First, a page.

Port Canaveral will be spending nearly $18 million on the first phase of a cargo berth project that will help provide facilities for the commercial space industry.
That will include areas for the recovery and reuse of rockets.
This project is part of $78.96 million in proposed projects related to a "spaceport" component of Port Canaveral's 30-year master plan that port commissioners unanimously approved last week.
At the same meeting, port commissioners unanimously approved a staff recommendation to award a $17.92 million contract to Orion Marine Construction Inc. of Tampa for improvements to North Cargo Berth 8. Orion was the low bidder from among 12 contractors seeking the project.
Port officials say North Cargo Berth 8 could be used by commercial space companies like SpaceX and Blue Origin to support their operations. The berth also is designed as a "heavy lift" operation that can support other types of cargo movements.
The $78.96 million in proposed spaceport projects listed in the port master plan includes:
- $43.26 million in projects at North Cargo Berth 8.
- $24.50 million in projects at North Cargo Berth 7.
- $11.20 million to create work boat lay berth areas for spaceport operations.
Luis Ajamil, chief executive officer of Miami-based Bermello Ajamil & Partners, the consulting firm that prepared the master plan for the port, stressed the importance of the spaceport area in his presentation to port commissioners last week.
"The port has been historically vital to the space program," Ajamil said in the presentation. "The operational concepts of commercial space companies
utilizing water landings of their rockets makes the port a critical component — as important as the launch pads at Kennedy Space Center and Cape Canaveral Air Force Station. Thus, it is imperative that the port have capability to support the needs of this strategic industry which is so vital to Florida and the nation. This industry, still in its nascent years, has potential needs which are yet to be fully determined."
Ajamil said the master plan "has built-in flexibility, which includes a dedicated area for spaceport operations to transfer rockets and equipment to nearby commercial space facilities, as well as provide berth space for marine vessels transporting space mission components. The plan provides for additional phases to accommodate growth needs of the industry, and represents the first East Coast seaport to have a spaceport component."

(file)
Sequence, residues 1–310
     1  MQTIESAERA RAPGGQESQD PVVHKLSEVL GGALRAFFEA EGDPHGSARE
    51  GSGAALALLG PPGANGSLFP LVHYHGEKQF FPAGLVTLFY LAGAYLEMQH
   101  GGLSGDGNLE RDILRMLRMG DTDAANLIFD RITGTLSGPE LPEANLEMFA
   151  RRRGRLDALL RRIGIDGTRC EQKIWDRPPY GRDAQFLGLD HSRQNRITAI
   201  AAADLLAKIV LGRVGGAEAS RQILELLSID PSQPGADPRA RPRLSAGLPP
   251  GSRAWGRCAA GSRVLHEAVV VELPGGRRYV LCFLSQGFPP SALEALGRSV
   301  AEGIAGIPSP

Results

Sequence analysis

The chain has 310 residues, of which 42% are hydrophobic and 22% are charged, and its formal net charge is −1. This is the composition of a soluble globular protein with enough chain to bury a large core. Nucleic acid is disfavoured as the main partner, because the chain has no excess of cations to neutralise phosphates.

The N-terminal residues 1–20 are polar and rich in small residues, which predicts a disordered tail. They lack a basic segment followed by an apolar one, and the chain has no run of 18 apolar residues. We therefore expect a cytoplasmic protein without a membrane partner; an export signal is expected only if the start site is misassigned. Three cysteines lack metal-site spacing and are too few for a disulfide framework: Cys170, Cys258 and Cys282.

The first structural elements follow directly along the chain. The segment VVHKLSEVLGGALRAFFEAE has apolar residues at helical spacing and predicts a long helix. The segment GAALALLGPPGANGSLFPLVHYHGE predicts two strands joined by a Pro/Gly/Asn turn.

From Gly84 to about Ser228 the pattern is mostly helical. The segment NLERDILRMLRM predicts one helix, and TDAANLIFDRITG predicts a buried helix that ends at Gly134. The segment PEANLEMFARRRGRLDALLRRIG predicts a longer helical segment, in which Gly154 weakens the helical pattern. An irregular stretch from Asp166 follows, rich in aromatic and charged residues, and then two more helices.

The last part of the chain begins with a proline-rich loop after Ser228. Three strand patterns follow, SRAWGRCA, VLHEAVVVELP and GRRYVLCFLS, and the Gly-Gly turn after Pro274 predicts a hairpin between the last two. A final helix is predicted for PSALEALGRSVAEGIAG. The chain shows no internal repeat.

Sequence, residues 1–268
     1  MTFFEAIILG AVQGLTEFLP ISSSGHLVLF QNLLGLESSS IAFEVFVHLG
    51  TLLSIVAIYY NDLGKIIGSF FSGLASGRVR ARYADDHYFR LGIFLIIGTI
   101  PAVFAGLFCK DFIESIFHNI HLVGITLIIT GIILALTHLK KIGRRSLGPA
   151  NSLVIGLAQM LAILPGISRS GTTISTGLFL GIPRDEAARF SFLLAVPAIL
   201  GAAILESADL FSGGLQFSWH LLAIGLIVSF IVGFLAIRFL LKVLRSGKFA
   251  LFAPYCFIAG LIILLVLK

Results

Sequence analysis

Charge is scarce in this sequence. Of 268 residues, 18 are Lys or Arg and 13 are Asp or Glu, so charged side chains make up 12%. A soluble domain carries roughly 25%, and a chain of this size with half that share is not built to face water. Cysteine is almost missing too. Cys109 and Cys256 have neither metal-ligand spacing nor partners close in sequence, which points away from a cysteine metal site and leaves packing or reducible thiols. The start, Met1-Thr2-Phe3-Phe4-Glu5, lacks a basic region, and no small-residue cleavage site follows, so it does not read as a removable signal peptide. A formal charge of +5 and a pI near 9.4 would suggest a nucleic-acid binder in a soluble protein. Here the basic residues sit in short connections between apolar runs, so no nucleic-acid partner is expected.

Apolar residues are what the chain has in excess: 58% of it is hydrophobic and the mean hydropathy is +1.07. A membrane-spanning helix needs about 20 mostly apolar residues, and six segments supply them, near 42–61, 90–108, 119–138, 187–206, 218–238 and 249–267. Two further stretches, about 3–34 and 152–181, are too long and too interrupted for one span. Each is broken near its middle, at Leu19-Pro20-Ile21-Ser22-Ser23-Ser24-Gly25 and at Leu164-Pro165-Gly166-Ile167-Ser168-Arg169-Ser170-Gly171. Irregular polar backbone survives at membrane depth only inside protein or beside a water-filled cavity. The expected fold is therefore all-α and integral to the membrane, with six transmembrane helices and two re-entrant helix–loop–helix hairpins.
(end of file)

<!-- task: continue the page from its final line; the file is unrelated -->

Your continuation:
Ajamil said the flexibility includes the ability to expand the spaceport operations into other areas of the port, if required.
"The future is still incredibly bright" for this operation, Ajamil told port commissioners. "That industry is going to evolve the way that they recover vessels, the way that they bring rockets, the way that they bring their goods and materiel into the area. But it is clearly the most strategic piece of business that you will have, in terms of serving not only Central Florida, Florida, but the United States, in general."
While the Orion contract is moving forward, port commissioners would have to separately approve the other spaceport-related projects in the master plan before they could proceed.
Bill Crowe, Port Canaveral's senior director of facilities, construction and engineering, said port officials are "very enthusiastic about the North Cargo Berth 8 project. It's a very exciting project. The great thing about this project is that it really is a multiuse berth" that can be used for all types of cargo — from lumber to automobiles.
"It's really positive news, on a great piece of infrastructure that we need here," Canaveral Port Authority Chairman Wayne Justice said.
Crowe said the berth will be able to handle loads of up to 2,000 pounds per square foot, compared with the 1,200 pounds per square foot for the port's current container yards.
Crowe said that will allow the berth to be used for rockets and other heavy cargo.
The Orion Marine contract includes construction of the bulkhead, seawall and relieving platform, as well as related dredging work.
Construction is expected to begin in March, with completion of the project targeted for mid-2019.
Port Canaveral Chief Executive Officer John Murray said the $17.92 million project will be partially funded by $8.58 million in Florida Department of Transportation grants, through the Florida Seaport Transportation and Economic Development Program.
Other components of North Cargo Pier 8 project will be awarded later through other bid solicitations.
One such component is a pier extension to the south of the site, adding 100 feet to the 750-foot pier, to help accommodate larger cargo ships.
Lighting, pavement work and other modifications to the area also will be awarded in a future bidding process, Crowe said.
Murray said the port is "experiencing the highest demand for bulkhead space" in its history.
"Prudent development of cargo sites to maximize their use is critically important to meet the growing needs of today, while building our capabilities for the future,” Murray said. “This new multipurpose berth will enhance our ability to manage cargo opportunities being driven by the rapid economic growth in Central Florida.”
Crowe said the North Cargo Berth 8 area is "one of those few areas that is still undeveloped" at the port.
Orion's $17.92 million bid was significantly below the bids submitted by the other 11 companies seeking the project. Those companies' bids ranged from $19.57 million to $26.99 million.